Jhering, Rudolph von. Law as a Means to an End. Translated from the German by Isaac Husik with an Editorial Preface by Joseph H. Drake and with Introductions by Henry Lamm and W.M. Geldart. Boston: The Boston Book Company, 1913. lxi, 483 pp. Reprinted 1999 by The Lawbook Exchange, Ltd. LCCN 99-23754. ISBN 1-58477-009-0. Cloth. $80. * Originally published as Volume V of the Modern Legal Philosophy Series. Influential landmark of nineteenth century jurisprudence on which the modern concept of social utilitarianism is based. Jhering [1818-1892] advances the idea that law should be used to realize social justice. The Struggle for Law, another Jhering classic, is also available as a reprint published by The Lawbook Exchange.
NEW YORK TIMES BESTSELLER • With unparalleled reporting, a Pulitzer Prize–winning New York Times reporter continues to break news about the most important political story of our lives as he chronicles the clash between a president and the officials of his own government who tried to stop him. In the early days of the Trump presidency, the people who work in the institutions that make America America saw Trump up close in the Oval Office and became convinced that they had to stand up to an unbound president. These officials faced a situation without parallel in American history: What do you do, and who do you call, if you are the only one standing between the president, his extraordinary powers, and the abyss? Michael S. Schmidt’s Donald Trump v. The United States tells the dramatic, high-stakes story of those who felt compelled to confront and try to contain the most powerful man in the world as he shredded norms and sought to expand his power. Schmidt has broken many of the major stories of the Trump era, from the news of Hillary Clinton’s use of a personal email account to the report on former FBI director James Comey’s contemporaneous memos of conversations with Trump that led directly to the appointment of special counsel Robert S. Mueller III. Now he takes us inside the defining events of the presidency, chronicles them up close, and records the clash between an increasingly emboldened president and those around him, who find themselves trying to thwart the president they had pledged to serve, unsure whether he is acting in the interest of the country, his ego, his family business, or Russia. Through their eyes and ears, we observe an epic struggle. Drawing on secret FBI and White House documents and confidential sources inside federal law enforcement and the West Wing, Donald Trump v. The United States is vital journalism, recording the shocking reality of a presidency like no other, a riveting contemporary history, and a lasting account of just how fragile and vulnerable the institutions of American democracy really are.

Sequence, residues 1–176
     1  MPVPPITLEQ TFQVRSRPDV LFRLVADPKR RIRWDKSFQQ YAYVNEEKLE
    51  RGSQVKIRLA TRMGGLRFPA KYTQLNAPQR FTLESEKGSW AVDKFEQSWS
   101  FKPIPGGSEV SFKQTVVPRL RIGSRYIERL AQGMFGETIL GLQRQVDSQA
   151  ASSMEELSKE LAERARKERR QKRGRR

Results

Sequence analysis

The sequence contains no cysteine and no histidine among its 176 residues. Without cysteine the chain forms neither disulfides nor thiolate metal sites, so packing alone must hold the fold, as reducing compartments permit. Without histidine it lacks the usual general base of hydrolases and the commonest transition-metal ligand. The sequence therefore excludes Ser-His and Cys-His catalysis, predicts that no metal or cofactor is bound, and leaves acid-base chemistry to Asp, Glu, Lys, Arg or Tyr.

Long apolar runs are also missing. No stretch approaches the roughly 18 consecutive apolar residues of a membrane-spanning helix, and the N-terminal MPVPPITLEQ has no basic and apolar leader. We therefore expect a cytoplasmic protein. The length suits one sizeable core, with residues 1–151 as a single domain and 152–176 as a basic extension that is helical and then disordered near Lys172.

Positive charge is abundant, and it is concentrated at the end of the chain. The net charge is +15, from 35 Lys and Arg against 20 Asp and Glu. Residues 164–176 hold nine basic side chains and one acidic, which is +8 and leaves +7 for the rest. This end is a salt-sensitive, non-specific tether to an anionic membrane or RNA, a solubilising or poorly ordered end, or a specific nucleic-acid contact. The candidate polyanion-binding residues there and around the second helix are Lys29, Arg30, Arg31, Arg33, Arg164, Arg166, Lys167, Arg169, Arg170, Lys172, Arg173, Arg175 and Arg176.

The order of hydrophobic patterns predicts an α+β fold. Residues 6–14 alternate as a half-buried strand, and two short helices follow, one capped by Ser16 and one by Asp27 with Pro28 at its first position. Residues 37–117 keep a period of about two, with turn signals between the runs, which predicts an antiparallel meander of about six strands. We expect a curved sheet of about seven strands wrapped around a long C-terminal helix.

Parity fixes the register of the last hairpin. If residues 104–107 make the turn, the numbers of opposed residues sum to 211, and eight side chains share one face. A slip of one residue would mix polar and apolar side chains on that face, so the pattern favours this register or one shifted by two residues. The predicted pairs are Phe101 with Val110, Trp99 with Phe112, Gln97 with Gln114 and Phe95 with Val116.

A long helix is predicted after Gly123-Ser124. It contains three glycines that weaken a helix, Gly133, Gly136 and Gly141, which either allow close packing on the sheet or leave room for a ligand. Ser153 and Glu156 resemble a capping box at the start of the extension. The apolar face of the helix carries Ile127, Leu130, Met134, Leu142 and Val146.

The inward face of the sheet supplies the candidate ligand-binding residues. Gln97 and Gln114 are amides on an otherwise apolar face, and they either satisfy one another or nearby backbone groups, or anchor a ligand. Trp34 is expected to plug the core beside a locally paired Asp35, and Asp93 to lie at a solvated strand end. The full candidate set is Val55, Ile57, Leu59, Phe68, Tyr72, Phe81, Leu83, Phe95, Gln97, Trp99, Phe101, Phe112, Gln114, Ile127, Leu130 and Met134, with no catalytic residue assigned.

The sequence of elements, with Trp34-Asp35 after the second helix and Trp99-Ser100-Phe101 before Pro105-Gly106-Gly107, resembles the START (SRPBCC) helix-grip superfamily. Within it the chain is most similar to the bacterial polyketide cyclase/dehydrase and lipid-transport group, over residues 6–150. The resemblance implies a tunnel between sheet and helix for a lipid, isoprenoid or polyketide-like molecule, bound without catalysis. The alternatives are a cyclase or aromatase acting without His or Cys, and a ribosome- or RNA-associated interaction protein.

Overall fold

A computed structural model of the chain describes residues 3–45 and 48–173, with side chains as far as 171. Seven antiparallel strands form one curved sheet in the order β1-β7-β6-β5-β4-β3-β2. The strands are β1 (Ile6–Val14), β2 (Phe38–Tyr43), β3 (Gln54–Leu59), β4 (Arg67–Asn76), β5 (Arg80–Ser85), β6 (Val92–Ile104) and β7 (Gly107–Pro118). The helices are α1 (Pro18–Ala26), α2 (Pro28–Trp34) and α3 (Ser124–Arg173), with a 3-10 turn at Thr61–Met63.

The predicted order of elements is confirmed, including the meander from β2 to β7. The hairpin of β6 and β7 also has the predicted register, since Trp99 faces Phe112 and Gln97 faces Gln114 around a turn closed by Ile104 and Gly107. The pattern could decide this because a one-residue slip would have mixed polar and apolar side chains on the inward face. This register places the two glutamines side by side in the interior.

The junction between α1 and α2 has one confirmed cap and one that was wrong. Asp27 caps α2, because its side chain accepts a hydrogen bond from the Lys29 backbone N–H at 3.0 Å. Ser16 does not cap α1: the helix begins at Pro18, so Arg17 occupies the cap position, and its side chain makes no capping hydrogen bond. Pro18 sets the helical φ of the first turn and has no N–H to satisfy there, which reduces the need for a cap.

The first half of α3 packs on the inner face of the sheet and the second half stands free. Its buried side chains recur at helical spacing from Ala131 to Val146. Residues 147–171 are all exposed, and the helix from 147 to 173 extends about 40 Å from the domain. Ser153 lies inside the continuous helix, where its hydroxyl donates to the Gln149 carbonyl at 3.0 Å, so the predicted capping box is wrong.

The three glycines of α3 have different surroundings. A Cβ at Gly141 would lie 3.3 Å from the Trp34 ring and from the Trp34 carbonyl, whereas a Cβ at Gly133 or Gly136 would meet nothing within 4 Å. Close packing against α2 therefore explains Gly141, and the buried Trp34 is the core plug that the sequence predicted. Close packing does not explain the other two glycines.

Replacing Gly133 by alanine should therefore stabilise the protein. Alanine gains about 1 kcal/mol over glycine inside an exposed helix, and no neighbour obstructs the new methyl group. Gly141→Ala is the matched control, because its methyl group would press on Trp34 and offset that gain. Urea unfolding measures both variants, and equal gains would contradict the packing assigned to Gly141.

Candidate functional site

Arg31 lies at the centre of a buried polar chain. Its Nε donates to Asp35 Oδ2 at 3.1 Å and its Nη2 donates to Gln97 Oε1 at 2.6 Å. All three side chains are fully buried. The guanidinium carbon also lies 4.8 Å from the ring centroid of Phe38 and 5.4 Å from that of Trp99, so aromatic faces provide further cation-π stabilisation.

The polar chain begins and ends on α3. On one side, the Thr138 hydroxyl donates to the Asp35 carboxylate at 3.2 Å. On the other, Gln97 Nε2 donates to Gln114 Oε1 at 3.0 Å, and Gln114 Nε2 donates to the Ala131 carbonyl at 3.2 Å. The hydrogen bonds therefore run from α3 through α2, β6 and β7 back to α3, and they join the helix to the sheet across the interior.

Not since pirates plundered the coastline of South Carolina 300 years ago, capturing Charleston citizens and holding them hostage, had a crime created as much fear -- and interest -- as the murder of socialite Loris Campbell. The intrigue begins on a sunny, spring morning with the discovery of Loris's body at her Society Street home. Audrey Durant, assigned to the investigation by the Charleston Police Department, finds herself pulled in divergent directions. Instinct tells her that the murder was committed by a family member. Her search, however, uncovers unscrupulous lawyers, doctors armed with prescription pads, and a pack of predatory conservators. Battling Audrey along the way is Solicitor Pinckney, whose political career is on the rise, and for whom a successful prosecution could open the door to the Governor's mansion. As Audrey unscrambles the family battle that forced Loris's overmedicated husband into a nursing home, her unusual detective style draws on her fascination for South Carolina's colorful history -- finding echoes and clues from the past in the characters and realities of the present case and culminating in a disturbingly realistic conclusion that could happen to any family.